John: What was the business plan? If you were to send it to me right now, what would the business plan say? What was the original business plan?
Coss: Yeah, that I was going to teach a fitness boot camp class in the park. On the business plan, I structured every day of the week for like 90 days. I did every workout. I made a whole spreadsheet in prison in solitary confinement. I had time to do it.
Coss: And so, I scheduled exactly what I wanted to do when I first came home. Like I’ll just roll out a whole bunch of stuff. I would just wake up and just write to occupy my time and then read, and then work out, and then take birdbaths because you only get two showers a week. So, you’re sweaty in120 degrees prison cell, you take your showers in a little sink. There’s juggling water so that’s what I had to do. But when I came home I had the idea of doing this by myself and then I saw people that I was locked up with, people that I knew that was incarcerated coming up with the same struggle of trying to find a job, trying to readapt, being on welfare, not being productive to society and I know guys that were working out and so I got together with the guys that I knew and that were fit, that were locked up before, and I was like, “This is going to be my mission.” What I want to do is hire as many people coming out of the prison system to teach fitness classes.
John: You didn’t spend the last year in solitary, you spent a little bit of time after that incident, and then went back to the general population, is that how it worked?
John: Now you’re out, you’ve got the business plan, you’re in the park, how many years ago was that?
Coss: Seven years ago now.
John: Seven years ago. So, take us through now. Every business evolves, iterates, and what’s was originally written typically, isn’t what it becomes.
John: Walk us through how you evolved it, how you continually improved it, and where you are today.
Coss: Yeah. I mean, in the beginning, it was a one-man show like me in the park and then eventually, I started hiring people and my idea was to get– So, I started renting out these ballet studio rooms. I was packing them out doing these fitness classes there. I hired my first person, I hired my second person, and then as time went by, we started trying to expand and scale the business. But we thought about doing it virtually and so we’re like, “All right. Let’s start doing vert videos. And so, we did a couple of videos here and there. Didn’t really pay attention to it. I was really focused on the gym at the time and then the pandemic hit. We already had a couple of library of videos and people were like, “Hey, can I do your work out?” So, people started signing up for our platform but the videos that I shot like on an iPhone 6 or iPhone 5 before, I was like, “All right, I need to start working on better contents.” So I started doing more videos and then I started doing live stream stuff. I remember one of my CFO, who’s also an investor, he was like, “Hey, you got to close down the gym. Cuomo just announced like oh, gyms have to close.” I was like, “F that. I’m not closing. I’m going to make this thing happen.” So I was like in the studio, we had a class that was going to come in two hours, I started calling everybody. I was like, “Hey, you can’t come in the gym but I’m going to send you a Google Hangouts link” and then we revamped to Zoom, and now we have our own platform, and the rest is history. I mean, in 2020, we made more money than in 2019.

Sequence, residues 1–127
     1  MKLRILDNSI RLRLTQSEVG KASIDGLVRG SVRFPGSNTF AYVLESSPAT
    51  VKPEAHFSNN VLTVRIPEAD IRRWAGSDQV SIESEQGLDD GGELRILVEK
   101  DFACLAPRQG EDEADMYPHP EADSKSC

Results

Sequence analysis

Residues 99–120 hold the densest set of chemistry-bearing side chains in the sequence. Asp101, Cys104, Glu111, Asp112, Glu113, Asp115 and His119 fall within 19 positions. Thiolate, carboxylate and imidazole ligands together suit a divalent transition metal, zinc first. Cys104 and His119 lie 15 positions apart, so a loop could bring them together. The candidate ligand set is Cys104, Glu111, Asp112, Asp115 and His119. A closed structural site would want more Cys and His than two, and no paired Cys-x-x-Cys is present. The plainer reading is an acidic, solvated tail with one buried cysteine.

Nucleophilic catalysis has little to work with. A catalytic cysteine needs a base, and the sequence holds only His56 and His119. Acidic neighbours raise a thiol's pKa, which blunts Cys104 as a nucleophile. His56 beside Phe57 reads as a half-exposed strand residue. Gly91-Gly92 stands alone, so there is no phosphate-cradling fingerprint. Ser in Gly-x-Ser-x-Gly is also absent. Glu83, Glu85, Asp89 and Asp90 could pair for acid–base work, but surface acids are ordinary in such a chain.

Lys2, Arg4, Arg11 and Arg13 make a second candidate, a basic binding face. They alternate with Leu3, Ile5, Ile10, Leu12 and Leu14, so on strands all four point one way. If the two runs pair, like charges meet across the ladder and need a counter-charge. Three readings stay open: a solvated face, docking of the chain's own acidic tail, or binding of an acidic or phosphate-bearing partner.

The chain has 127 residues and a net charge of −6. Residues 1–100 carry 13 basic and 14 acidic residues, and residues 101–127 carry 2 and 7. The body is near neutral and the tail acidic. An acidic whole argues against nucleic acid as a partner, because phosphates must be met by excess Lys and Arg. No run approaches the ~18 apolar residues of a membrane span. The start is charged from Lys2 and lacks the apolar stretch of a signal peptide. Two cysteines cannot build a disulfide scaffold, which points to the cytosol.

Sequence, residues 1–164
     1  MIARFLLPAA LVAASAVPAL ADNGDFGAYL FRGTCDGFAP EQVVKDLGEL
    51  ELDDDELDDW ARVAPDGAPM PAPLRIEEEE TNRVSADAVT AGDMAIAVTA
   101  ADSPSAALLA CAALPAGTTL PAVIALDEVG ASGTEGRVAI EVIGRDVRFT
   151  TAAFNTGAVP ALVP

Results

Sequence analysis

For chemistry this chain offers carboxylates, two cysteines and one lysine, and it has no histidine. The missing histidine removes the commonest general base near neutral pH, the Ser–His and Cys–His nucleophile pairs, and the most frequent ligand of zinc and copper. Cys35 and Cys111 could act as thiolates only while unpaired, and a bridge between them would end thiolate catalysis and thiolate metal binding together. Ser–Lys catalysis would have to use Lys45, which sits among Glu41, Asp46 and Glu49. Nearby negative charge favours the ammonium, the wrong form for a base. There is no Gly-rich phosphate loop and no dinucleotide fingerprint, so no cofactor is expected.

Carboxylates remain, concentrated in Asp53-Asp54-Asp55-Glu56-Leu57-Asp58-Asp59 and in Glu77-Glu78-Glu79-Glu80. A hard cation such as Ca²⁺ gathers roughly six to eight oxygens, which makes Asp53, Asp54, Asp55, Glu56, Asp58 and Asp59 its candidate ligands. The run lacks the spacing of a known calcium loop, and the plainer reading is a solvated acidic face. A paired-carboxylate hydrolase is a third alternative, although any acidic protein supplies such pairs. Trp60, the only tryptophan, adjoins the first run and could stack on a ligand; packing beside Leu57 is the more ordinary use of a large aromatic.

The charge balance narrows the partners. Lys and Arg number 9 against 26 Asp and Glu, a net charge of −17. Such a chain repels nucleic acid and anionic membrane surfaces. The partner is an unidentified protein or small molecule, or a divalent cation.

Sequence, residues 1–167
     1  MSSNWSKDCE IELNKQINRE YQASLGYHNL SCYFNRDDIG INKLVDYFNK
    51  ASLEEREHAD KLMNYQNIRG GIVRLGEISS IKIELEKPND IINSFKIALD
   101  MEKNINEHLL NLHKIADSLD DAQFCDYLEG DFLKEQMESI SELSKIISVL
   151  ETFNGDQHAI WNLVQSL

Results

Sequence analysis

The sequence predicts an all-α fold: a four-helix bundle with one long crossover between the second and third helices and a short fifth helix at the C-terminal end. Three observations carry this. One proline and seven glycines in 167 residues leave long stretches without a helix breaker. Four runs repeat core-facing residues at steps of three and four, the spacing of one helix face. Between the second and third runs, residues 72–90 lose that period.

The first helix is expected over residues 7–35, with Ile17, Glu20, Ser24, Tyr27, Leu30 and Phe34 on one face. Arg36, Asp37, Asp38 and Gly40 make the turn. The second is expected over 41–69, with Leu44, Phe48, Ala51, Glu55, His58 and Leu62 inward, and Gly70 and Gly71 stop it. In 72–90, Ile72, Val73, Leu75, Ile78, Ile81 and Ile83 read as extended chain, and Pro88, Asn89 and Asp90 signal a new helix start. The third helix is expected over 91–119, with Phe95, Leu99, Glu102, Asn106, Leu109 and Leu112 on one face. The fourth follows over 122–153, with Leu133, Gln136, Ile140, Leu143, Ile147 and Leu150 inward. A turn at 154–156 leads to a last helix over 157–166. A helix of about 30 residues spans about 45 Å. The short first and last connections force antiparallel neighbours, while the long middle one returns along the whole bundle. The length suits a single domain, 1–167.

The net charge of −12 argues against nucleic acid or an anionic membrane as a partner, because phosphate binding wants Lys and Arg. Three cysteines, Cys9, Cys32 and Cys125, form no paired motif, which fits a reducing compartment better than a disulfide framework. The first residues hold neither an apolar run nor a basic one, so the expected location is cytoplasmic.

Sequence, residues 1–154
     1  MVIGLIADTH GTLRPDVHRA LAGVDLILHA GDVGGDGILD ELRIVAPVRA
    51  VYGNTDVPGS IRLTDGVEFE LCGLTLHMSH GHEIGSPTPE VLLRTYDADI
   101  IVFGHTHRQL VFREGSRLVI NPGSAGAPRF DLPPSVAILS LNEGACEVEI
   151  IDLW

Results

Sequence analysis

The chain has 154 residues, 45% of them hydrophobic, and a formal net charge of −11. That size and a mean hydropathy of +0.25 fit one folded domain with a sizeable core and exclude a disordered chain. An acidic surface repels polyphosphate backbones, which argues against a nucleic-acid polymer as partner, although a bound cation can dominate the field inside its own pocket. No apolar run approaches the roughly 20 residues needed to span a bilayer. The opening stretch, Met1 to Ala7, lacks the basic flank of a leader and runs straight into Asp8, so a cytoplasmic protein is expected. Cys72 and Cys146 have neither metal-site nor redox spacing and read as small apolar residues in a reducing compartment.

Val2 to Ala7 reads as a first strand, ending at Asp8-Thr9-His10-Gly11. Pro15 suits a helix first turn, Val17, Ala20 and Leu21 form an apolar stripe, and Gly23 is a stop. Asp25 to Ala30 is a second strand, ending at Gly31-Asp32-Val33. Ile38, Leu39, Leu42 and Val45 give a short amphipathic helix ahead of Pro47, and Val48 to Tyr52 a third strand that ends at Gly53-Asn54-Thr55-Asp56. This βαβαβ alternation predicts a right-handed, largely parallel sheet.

John: So, you do the virtual classes now. Now that we all made it through this COVID tragic period, and science is winning, and people are getting vaccinated, are you doing in-person and virtual now?
Coss: Yeah, so we have the fortune to do it simultaneously. So, we install 4K cameras in the studio. While people are taking classes, people could do this anywhere.
Coss: Yeah, that’s what we’re doing. So, John [inaudible] [crosstalk]
John: How’s that working?